AIPAC conference
AIPAC conference Arutz Sheva

A senior settlement leader criticized the American Israel Public Affairs Committee Monday morning, following the organization’s apparent endorsement of Palestinian statehood, in contradiction to Israeli government policy.

On Sunday, AIPAC CEO Howard Kohr endorsed the two-state solution in his address at the AIPAC annual conference in Washington DC, calling the establishment of a Palestinian state essential for Israel’s security.

“We must all work toward that future: two states for two peoples,” said Kohr. “One Jewish with secure and defensible borders, and one Palestinian with its own flag and its own future. Today that dream seems remote. This is tragic.”

Samaria Regional Council chief Yossi Dagan slammed the pro-Israel lobby group over its explicit endorsement of Palestinian statehood, saying the group was out of sync with both Israeli and US policy.

“We… note that the AIPAC talking points are still very much tied to establishment of a Palestinian state, what has been called ‘the two-state solution’,” said Dagan.

Dagan accused AIPAC of misrepresenting Israel’s position, noting that the current government has not endorsed Palestinian statehood.

“The AIPAC website also seems to imply that Israel is committed to a two-state solution and that the United States takes this position as well.”

“This assumption has no basis in fact,” continued Dagan. “The sovereign entity in Israel is of course the Government of Israel. The official GOI Guidelines are available to the public. As you see, they contain not one word or even hint of support for the ‘two-state solution’.”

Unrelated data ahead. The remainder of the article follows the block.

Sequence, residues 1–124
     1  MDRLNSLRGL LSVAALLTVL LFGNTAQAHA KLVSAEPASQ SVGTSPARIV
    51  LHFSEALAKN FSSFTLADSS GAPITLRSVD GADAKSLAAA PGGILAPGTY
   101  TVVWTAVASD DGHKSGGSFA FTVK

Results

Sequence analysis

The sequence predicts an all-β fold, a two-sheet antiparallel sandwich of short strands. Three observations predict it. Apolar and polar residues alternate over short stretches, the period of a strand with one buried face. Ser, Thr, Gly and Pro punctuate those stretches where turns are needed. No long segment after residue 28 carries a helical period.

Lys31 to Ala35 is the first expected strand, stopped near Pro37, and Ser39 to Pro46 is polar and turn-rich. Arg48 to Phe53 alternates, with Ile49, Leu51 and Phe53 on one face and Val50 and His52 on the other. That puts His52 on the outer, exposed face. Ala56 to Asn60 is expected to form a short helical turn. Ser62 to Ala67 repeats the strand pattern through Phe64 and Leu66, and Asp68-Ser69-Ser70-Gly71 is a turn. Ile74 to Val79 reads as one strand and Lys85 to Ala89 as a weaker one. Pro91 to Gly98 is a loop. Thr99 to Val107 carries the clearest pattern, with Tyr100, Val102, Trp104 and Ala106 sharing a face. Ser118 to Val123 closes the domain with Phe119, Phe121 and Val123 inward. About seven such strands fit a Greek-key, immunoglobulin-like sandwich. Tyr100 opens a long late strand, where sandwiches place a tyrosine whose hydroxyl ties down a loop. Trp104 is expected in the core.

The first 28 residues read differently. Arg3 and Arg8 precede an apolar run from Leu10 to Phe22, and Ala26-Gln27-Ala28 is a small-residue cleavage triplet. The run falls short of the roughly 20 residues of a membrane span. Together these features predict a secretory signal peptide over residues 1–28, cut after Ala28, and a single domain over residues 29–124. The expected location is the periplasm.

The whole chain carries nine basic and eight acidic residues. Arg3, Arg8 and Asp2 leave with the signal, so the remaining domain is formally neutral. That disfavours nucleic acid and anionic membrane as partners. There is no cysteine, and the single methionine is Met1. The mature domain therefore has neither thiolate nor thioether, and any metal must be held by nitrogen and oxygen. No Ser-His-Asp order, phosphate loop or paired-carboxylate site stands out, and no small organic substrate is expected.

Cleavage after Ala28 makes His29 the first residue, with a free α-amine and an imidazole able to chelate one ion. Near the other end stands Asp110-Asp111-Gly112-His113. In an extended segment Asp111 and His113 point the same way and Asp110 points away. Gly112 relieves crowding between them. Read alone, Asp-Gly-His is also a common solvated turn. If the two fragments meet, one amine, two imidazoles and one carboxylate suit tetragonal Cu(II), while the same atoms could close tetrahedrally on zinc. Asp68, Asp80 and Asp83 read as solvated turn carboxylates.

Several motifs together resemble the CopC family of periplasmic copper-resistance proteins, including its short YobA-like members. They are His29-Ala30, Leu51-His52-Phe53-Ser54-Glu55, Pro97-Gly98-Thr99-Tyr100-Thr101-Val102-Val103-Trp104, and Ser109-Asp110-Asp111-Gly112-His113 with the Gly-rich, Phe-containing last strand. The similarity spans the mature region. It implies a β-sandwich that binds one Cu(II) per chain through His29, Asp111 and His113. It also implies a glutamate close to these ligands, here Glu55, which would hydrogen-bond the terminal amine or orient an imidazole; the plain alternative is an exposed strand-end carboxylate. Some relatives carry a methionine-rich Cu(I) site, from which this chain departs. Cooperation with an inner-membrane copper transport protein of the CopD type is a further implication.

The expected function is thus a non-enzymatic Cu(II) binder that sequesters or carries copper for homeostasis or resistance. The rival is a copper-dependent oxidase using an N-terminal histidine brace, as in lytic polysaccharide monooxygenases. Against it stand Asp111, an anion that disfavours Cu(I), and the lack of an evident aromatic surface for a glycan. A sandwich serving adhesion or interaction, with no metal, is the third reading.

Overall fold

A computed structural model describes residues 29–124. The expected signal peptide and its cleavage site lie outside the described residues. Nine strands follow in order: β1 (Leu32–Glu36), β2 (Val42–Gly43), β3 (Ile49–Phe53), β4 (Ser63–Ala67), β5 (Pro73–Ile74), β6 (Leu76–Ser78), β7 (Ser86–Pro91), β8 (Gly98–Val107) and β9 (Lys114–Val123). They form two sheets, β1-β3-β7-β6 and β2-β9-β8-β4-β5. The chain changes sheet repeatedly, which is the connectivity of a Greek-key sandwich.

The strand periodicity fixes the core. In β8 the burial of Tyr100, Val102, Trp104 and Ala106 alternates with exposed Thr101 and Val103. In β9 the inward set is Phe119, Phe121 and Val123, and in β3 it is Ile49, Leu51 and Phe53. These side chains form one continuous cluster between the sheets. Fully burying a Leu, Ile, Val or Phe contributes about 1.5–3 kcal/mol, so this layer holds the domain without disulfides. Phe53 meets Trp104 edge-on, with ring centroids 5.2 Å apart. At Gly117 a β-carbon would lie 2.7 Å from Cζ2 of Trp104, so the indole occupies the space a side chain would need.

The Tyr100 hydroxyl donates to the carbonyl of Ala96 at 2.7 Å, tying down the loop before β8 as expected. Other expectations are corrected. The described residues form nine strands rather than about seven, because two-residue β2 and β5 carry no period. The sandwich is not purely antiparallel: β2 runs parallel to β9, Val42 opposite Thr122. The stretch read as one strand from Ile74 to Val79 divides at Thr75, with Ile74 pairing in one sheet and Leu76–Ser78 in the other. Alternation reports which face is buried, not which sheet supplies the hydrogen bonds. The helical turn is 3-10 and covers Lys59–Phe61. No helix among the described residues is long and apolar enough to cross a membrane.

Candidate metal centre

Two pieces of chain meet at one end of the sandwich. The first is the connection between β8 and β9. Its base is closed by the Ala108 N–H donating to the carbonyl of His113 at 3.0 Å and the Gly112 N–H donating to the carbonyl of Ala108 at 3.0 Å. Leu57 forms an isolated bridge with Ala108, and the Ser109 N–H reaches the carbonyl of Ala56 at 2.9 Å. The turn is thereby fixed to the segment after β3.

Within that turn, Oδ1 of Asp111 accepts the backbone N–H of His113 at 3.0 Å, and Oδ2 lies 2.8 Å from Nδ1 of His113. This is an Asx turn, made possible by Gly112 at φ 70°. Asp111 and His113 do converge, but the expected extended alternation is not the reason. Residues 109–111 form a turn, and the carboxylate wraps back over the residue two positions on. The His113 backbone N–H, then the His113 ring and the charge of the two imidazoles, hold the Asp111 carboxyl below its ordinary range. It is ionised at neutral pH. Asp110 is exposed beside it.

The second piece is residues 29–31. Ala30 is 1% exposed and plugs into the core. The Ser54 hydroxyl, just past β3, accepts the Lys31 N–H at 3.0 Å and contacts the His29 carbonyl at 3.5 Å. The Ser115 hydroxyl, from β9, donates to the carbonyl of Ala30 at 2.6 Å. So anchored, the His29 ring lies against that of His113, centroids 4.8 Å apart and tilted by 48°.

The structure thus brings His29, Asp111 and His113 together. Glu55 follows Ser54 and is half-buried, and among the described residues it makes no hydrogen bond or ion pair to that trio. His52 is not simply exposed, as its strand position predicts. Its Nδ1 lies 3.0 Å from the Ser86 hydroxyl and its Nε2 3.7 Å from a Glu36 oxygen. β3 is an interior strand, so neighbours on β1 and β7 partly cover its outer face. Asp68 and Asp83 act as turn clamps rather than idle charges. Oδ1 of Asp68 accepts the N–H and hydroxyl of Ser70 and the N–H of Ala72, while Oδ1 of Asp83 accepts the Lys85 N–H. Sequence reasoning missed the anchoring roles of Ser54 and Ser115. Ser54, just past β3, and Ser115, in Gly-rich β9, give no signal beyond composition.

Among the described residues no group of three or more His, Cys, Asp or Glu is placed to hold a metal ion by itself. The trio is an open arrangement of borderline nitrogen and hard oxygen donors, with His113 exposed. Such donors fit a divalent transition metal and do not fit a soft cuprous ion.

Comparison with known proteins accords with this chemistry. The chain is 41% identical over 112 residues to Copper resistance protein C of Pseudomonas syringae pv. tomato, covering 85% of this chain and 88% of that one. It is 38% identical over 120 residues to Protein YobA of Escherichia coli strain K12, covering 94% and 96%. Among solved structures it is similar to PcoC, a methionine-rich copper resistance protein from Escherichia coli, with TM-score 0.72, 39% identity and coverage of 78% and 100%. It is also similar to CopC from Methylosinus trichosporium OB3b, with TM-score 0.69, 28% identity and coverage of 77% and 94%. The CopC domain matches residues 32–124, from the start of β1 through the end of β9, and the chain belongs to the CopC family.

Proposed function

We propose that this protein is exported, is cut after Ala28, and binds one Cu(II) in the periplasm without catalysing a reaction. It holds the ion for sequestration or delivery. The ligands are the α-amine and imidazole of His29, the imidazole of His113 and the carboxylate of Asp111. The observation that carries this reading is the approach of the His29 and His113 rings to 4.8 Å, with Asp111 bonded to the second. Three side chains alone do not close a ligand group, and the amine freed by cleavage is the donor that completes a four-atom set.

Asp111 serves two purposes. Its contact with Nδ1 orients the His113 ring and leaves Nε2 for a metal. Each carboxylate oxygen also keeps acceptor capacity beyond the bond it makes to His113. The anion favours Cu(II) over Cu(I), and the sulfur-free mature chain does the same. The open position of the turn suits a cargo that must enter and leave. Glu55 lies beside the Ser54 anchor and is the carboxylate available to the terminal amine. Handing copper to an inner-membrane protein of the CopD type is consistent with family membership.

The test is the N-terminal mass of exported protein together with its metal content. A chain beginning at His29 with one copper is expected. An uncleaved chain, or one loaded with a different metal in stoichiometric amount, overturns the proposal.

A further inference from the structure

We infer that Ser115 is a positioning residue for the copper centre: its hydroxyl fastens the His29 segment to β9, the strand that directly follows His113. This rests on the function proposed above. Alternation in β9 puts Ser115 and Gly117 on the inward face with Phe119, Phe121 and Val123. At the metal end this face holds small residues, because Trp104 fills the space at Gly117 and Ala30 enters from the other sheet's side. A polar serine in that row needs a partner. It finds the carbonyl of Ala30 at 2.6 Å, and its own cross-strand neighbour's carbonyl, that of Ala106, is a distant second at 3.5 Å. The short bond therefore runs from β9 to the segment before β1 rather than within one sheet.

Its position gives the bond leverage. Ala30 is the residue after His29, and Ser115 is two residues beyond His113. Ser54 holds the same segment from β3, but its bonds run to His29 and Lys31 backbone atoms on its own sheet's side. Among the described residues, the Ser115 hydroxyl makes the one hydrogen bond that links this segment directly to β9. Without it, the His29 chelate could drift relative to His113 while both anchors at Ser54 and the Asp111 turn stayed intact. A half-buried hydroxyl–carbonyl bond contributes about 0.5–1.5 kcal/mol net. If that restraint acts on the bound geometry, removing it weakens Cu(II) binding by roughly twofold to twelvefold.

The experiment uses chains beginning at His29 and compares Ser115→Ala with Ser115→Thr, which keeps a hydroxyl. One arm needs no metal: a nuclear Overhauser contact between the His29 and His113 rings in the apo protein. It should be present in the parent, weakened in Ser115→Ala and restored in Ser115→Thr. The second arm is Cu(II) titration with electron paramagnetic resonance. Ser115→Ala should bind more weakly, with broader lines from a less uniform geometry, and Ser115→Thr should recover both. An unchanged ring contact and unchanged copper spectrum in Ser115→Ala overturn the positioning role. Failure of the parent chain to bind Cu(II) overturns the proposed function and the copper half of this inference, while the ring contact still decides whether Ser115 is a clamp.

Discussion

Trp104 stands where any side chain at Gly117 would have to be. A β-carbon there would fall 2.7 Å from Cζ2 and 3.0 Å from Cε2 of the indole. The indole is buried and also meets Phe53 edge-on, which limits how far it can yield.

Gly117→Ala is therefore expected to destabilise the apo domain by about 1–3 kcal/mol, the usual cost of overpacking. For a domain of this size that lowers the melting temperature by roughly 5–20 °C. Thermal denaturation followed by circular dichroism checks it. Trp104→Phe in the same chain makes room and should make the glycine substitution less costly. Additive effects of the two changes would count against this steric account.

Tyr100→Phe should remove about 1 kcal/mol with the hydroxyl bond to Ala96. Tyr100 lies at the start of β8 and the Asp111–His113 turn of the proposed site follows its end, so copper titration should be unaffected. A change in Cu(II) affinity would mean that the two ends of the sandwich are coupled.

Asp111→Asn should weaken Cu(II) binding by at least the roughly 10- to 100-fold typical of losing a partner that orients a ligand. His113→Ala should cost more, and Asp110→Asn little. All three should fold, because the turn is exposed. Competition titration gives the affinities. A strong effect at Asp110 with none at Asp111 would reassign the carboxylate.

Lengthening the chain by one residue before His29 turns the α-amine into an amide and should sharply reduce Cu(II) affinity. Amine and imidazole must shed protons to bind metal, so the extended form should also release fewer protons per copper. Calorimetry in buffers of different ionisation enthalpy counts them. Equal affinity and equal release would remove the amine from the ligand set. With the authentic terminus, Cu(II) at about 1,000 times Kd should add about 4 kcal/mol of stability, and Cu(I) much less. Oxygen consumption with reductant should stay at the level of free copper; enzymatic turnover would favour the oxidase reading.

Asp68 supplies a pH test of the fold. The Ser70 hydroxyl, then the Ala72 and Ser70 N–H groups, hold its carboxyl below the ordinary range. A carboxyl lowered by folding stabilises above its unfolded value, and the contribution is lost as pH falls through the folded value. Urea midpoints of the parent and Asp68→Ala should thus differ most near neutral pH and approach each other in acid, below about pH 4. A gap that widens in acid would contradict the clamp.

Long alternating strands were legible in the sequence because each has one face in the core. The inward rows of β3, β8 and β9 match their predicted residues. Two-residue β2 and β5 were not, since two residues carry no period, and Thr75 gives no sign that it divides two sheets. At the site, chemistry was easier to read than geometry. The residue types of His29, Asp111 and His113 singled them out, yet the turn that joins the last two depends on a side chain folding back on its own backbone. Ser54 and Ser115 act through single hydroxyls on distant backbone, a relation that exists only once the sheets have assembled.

The Samaria Regional Council chief also noted that the Trump administration had dropped reference to Palestinian statehood or the two-state solution in its latest National Security Strategy report.

“As for the United States, while the previous National Security Strategy report did state that the United States remains ‘committed to … a two-state solution’,” said Dagan, “the National Security Strategy currently in effect, as of December 2017, does not indicate support for the two-state outcome. This is presumably in an effort not to coerce an American ally, the State of Israel, into an outcome which that ally does not regard as desirable, just or safe.”

“I am astounded as to why such a great, meaningful organization as AIPAC, whose raison d'etre is pro-Israel advocacy in the United States, would represent the positions of the State of Israel (and of the United States) so inaccurately before senior government officials, senators and congressmen, and the general pro-Israel public. The position that AIPAC is representing as that of the State of Israel -- in the AIPAC mission statement and in the AIPAC talking points inter alia -- not only fails to represent Israel properly, it is detrimental to the efforts to achieve dialogue in the Middle East.”

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